How did that party or politician get its start? What stories are true and which are fabricated for self-survival? How was that holy book written and how did the people, ideas, and cultures of the ensuing centuries impact how we experience it? What are the true family stories that are hidden under piles of shame and pain?

I believe, like an ill taken picture, stories can be revitalized and beauty can come from the confusion and fuzziness of the past. The object is not to obscure what was, but to be honest about what could be. Yes, the political party lied. Yes, the holy man obscured the ambiguity of the text. Yes, the abuser went unpunished and continued to attend family reunions. Yet, knowing those stories in all their confusion and hypocrisy will help forge a new and better life together. Our doubt, questioning and honest hard research can take us into new and beautiful ways of being.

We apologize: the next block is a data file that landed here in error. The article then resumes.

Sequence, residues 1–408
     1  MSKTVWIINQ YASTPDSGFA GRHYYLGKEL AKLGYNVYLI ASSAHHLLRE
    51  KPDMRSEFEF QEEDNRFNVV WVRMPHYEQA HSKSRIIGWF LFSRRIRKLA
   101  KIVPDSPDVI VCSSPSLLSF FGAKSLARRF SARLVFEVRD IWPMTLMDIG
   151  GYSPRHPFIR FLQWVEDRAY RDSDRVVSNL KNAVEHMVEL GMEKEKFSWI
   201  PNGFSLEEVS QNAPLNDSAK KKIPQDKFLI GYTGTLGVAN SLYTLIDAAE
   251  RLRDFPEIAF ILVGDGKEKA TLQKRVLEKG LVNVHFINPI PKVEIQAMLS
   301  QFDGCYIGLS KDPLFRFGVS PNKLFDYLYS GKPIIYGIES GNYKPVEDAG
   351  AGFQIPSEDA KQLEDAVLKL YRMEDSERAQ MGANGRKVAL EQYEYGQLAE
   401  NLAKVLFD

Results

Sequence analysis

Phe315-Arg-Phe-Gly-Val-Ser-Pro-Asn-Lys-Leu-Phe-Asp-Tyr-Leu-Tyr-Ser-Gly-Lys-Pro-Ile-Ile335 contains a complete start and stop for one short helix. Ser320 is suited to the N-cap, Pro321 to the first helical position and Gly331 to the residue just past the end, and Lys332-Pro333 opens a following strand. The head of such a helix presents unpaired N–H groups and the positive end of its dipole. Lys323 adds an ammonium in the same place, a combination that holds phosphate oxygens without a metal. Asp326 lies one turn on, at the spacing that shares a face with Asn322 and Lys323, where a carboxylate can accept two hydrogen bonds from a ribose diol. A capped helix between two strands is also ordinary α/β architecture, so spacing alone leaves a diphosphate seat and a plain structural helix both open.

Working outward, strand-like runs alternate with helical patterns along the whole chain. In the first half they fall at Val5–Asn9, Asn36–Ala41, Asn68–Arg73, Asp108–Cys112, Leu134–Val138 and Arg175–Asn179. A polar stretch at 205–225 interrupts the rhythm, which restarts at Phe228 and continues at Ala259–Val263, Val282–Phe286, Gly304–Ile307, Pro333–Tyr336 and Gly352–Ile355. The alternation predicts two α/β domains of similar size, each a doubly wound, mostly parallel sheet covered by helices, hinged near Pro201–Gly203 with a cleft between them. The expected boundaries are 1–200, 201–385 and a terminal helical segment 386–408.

I would argue that all photographers should be publishing their original image beside their edited one. Let's have the real and raw next to the bold and beautiful. Like lives lived in honesty, let's see where we came from and where we're headed. What you see is rarely what you will get...but at least you'll know it.